Publication Date


Document Type


First Advisor

Greenfield, David W.

Degree Name

M.S. (Master of Science)

Legacy Department

Department of Biological Sciences


Fishes--Palau; Siganidae


The abundance of S. lineatus and S.. canaliculatus in Palau presented an opportunity to examine the ecology of these two species of siganids. Topics related to both the basic ecology and to fishery related problems of these fish are emphasized. These topics include food habits, habitat, fecundity, sex ratios, size at sexual maturity, length-to-weight relationships, growth rate, schooling behavior and spawning activities. S. lineatus inhabits grass flats, areas beneath mangroves and areas over patch reefs. Adults feed nocturnally on the sea grass, Thalassia hemprichii, and on the sponge, Suberites sp. Juveniles feed on the epiphytes of mangrove roots. This species is sexually mature at 220 mm SL, and females were found to have fecundities ranging from 5.69 x 105 to 14.6 x 105 eggs per individual. Large juveniles had an average growth rate of 8.5 mm per month. The sex ratio of adults was observed to be 62% females to 38% males. Both adults and juveniles are strongly schooling fish. S. canaliculatus inhabits the grass flats where both adults and juveniles feed diurnally on the epiphytes of the sea grasses. This species is sexually mature at 170 mm SL, and females were found to have fecundities ranging from 4.61 x 105 to 7.20 x 105 eggs per individual. Small juveniles demonstrated a growth rate of 5 mm per week. The adult sex ratio was 68% females to 32% males. S. canaliculatus, as S. lineatus, shows strong schooling tendencies. The following conclusions are based on the results of this study. There is only slight overlap of the food resources of S. lineatus and S. canaliculatus. The sex ratio favoring females may be an adaptation for maximizing the number of offspring while under heavy predation pressures and/or while having limited food resources. The main restriction of using either of these species in a culturing program is the lack of a dependable supply of juveniles. The reported ciguatoxic aspect of these two fish is probably related to their feeding on the blue-green alga, Lyngbya majuscula.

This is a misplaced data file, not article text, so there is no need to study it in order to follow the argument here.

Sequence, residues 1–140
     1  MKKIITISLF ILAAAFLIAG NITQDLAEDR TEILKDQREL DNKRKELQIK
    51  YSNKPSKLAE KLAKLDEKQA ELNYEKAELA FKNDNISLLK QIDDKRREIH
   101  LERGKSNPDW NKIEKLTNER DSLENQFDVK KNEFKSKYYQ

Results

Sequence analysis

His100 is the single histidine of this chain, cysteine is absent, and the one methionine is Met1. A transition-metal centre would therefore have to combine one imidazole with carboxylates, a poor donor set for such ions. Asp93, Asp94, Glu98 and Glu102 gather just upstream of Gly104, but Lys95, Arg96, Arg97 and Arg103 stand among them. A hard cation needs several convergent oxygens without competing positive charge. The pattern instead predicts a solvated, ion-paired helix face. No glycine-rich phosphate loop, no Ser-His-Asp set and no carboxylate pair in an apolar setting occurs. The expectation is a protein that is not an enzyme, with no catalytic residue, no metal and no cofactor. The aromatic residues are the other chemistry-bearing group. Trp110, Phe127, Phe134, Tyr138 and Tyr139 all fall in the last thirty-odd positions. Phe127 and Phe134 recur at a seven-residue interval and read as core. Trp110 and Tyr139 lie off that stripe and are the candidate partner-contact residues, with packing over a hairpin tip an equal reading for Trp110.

Includes bibliographical references.||Includes illustrations and map.


46 pages




Northern Illinois University

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